Don’t be misled by the cover to Mike Magnuson’s disarming memoir about growing up in Wisconsin, Lummox: The Evolution of a Man. The dust jacket photo of Magnuson’s ample gut in a snug shirt and his beefy hand clutching a bottle of Miller’s might lead readers to expect a goofy knockoff of Drew Carey’s Dirty Jokes and Beer. To be sure, there’s no shortage of dirty jokes and beer in the pages of Lummox. But make no mistake: this is a literate and soulful memoir by a talented writer. Magnuson, thirty-eight years old, teaches creative writing at Southern Illinois University and has two well-received novels to his credit, The Right Man for the Job (1997) and The Fire Gospels (1998). His work is distinctive for its sensitivity to working class despair and the agonizing vicissitudes of sexual hostility. He studied under Padgett Powell (Edisto, Mrs. Hollingsworth’s Men) at Florida State University and shares his mentor’s talent for illuminating with unsentimental compassion the lives of luckless blue collar boozers, smartass deadbeats, and brainy social misfits.
Lummox is narrated in the third person, but with a playful omniscience that never hinders Magnuson’s voice from shaping every sentence:
Mike Magnuson has just turned twenty. He stands five feet ten. Goes 230 pounds most days. His hair’s red and greasy and curly, prone to sticking out to the side as if he’s grabbed a 440-volt cable and can’t let go, and he’s got a big red beard that he keeps big to cover the zits that grow on his chin like buboes. What else? Oh, and he doesn’t give a hoot about much.
The story begins in 1983 and covers a five-year period in the author’s life up to his mid-twenties. It was a time, he says, “of wildness and turbulence and unpredictability.” Two friends will attempt suicide during the course of the book. Magnuson drops out of the University of Wisconsin, works factory jobs, drinks beer nightly in barrooms and smokes pot in alleyways. For several months he literally makes his home in the music room of an abandoned elementary school—the same school he once attended as a child—in his hometown of Menomonee Falls, a suburb of Milwaukee. A summer in the college town of Eau Claire is spent living with a cadre of radical lesbian feminists (whom Magnuson inadvertently offends by offering them a bottle of his parents’ favorite dinner wine: Pere Patriarche). When he manages to land “one of those nifty don’t-have-to-pay-it-back Pell Grants,” he triumphantly returns to college and completes his degree. But a B.A. in English Literature inspires nothing in the way of future prospects, so he applies again for factory work and heads back to the barrooms.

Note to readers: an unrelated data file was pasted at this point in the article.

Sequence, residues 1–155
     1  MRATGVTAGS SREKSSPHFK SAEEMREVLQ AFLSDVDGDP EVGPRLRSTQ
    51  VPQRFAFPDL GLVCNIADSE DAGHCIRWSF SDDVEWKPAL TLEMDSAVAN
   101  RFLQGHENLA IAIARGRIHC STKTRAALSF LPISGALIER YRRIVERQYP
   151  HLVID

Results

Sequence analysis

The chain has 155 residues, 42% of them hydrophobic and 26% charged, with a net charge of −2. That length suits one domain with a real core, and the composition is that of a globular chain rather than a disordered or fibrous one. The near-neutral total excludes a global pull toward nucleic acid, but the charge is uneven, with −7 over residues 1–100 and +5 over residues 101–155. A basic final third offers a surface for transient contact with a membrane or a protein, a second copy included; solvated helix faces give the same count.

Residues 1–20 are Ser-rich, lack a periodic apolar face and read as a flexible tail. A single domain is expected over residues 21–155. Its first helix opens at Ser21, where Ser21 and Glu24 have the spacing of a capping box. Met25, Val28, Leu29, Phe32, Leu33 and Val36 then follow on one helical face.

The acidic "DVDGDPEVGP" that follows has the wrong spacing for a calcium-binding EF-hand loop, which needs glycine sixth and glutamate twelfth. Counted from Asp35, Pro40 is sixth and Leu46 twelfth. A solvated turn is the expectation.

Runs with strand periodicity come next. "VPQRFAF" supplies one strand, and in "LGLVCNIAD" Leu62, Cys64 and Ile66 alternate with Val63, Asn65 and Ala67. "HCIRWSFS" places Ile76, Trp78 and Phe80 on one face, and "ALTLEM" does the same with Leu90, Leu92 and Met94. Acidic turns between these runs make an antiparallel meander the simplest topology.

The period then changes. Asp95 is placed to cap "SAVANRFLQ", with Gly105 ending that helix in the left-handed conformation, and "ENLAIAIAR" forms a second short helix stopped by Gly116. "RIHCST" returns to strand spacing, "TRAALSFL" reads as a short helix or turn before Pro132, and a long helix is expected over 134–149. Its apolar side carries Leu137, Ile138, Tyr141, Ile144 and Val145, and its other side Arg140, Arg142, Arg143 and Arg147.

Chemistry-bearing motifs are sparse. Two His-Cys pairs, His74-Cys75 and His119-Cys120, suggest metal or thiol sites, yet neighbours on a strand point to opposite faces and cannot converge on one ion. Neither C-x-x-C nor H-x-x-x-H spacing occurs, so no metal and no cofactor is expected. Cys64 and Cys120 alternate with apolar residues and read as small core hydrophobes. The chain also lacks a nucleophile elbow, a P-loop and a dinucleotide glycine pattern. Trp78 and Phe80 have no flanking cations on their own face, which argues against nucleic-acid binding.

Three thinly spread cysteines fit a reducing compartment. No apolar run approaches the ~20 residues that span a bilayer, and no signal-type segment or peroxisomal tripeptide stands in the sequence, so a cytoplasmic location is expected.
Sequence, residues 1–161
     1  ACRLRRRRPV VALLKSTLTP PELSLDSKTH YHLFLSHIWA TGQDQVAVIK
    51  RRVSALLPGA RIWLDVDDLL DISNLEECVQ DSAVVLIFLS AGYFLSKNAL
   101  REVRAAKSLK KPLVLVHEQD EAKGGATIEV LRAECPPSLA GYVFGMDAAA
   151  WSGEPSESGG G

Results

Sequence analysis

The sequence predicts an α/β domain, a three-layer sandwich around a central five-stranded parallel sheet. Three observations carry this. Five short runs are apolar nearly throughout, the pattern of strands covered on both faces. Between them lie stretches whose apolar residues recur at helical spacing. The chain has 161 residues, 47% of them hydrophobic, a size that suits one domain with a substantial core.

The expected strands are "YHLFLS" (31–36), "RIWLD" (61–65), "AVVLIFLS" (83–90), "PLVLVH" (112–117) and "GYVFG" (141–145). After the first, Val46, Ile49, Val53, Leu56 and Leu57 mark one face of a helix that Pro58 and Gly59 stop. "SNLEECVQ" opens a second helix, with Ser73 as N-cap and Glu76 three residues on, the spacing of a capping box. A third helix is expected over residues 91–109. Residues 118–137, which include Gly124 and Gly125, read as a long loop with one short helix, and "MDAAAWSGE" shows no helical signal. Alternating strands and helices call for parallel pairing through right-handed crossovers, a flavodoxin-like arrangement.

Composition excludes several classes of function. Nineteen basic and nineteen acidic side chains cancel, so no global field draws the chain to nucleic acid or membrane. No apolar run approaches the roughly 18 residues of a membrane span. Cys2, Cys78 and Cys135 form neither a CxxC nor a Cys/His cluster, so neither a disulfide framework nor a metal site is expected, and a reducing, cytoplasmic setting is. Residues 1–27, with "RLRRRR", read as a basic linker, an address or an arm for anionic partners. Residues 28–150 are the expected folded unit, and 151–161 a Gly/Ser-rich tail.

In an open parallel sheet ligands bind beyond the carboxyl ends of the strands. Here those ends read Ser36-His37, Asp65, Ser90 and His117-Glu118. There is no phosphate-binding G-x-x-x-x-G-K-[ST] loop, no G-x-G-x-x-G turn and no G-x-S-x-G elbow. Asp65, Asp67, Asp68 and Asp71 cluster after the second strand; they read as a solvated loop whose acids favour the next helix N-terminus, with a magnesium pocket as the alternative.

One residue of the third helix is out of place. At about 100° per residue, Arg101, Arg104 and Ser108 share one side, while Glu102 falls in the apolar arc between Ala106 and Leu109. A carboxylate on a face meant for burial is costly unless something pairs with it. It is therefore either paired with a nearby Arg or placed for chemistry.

At the heart of Lummox is a prickly Big Brother relationship between the author and a black teenager named Clarence Jeter. The young man is incarcerated at a reformatory where Magnuson is briefly employed as a child care worker. Clarence’s juvenile record includes robbing convenience stores and stealing cars, but his most distinguishing characteristic is a horribly scarred face, the result of his sister covering him in Sterno and setting him on fire when he was six years old. “Now he’s got no ears and no hair,” writes Magnuson. What remains of the boy’s face is “a wafflework of grafts.” The wary friendship that develops between Magnuson and Clarence is surprisingly raucous and touching, like an inner city variation on the bond between Dave Eggers and his brother Toph in Eggers’ memoir, A Heartbreaking Work of Staggering Genius. Magnuson arranges a day pass for Clarence and takes him hiking at nearby Half Moon Lake. Soon they’re sharing a doobie in the marshes. It ends tragically in a way that will stay with you long after you’ve finished reading Lummox.
If Mike Magnuson has a blind spot as a writer, it’s probably located in the vicinity of the massive chip he carries on his shoulder regarding academic feminists. The opening half-dozen pages of Lummox are taken up with a bilious diatribe against Women’s Studies programs (to which he can’t resist referring as “Hag Studies”). The notion that feminists on principle pose a castrating threat to the lummoxes of America seems a dubious argument at best. But never mind. Harboring dark suspicions about overeducated college chicks is a privilege born to lummoxes. Mike Magnuson should know. He wrote the book on lummoxes. And an otherwise smart and funny book it is.
– Bob Wake